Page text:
Since joining AAG, Herrera has had major acquisitions, such as the 38 lithograph stones donated by the Ramos family of National Bookstore through Rayvi Sunico. Another is a set of prints by Honoré Daumier, which was purchased by Debbie Tan in an auction. Aside from acquiring works for the gallery, Tan has been instrumental in looking for benefactors and patrons for the different spaces of the entire Areté complex, thereby seeing its eventual completion.

Not all donations are automatically accepted. Herrera had to turn down a few because they “did not fit our collection. That is one thing I have to make sure as curator and director. It’s not just about receiving but about making sure that what we receive will fit the collection. Otherwise, it will weaken the entire collection… Museum acquisition procedures always have the mission of the museum in mind (when accepting donations).” In fact, the gallery is willing to go the lengths of having the work restored, “if it’s really strong.”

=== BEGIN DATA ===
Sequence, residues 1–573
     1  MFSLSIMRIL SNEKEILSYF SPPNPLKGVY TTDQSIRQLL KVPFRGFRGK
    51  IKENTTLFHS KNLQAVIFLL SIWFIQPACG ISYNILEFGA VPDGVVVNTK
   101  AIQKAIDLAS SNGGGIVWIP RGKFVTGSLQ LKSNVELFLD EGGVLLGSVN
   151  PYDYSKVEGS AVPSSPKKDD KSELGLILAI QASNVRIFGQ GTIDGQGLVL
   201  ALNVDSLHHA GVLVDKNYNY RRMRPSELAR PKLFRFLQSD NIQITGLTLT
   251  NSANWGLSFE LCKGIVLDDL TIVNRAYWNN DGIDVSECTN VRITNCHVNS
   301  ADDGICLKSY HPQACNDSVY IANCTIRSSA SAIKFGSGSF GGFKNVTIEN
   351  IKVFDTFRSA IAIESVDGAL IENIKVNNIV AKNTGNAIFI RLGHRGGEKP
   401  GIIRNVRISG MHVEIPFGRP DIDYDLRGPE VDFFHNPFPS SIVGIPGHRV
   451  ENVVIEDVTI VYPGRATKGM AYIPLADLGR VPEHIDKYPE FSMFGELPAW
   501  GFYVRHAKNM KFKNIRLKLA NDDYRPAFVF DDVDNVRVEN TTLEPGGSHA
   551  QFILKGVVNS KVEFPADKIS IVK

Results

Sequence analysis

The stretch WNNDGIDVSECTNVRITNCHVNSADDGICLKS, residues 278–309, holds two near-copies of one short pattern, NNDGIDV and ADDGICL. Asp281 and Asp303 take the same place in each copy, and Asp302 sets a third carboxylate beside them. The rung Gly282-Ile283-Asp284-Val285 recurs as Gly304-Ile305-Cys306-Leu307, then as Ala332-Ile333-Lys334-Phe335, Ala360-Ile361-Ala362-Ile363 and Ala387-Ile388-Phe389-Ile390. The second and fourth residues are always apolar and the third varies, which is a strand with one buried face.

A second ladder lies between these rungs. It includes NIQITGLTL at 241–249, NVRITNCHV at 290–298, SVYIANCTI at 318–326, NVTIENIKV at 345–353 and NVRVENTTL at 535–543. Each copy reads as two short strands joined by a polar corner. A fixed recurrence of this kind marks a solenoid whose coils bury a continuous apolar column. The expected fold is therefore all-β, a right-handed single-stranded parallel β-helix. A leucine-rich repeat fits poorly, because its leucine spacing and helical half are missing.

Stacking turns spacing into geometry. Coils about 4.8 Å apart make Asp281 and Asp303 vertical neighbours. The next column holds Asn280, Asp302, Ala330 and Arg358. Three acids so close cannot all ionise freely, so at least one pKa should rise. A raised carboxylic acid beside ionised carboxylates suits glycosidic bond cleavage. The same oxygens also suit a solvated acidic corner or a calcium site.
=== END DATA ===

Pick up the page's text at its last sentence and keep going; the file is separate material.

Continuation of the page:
Prospective patrons may look into contributing to an acquisition fund that will allow the gallery the flexibility to procure pieces, such as the purchase of Jose Tence Ruiz’s portraits of Fernando Zobel and Purita Kalaw-Ledesma as security guards. They may also contribute to a conservation fund. As the museum collection grows, ditto the need for upkeep and restoration. The gallery has ways to “properly acknowledge” this kind of support.

As Zobel bequeathed his art collection with the express purpose that it be used as teaching tool, the gallery has fostered relationships with various art teachers to bring their students to the museum, even those at the elementary level. In the future, “we can come up with modules, manuals, specific to periods, genres, even techniques,” says Herrera. “That’s something we would like to develop further. We are excited to come up with more learning programs.”

The gallery, made possible through philanthropy, is paying it forward by keeping its doors open six days a week (Tuesday to Sunday) to accommodate art lovers of all stripes from different communities everywhere. Envisioned by Fr. Villarin as a place where different disciplines come together, “the dream has been realized with same spirit of philanthropy and generosity from the larger community of Ateneo de Manila alumni and art patrons,” concludes Herrera.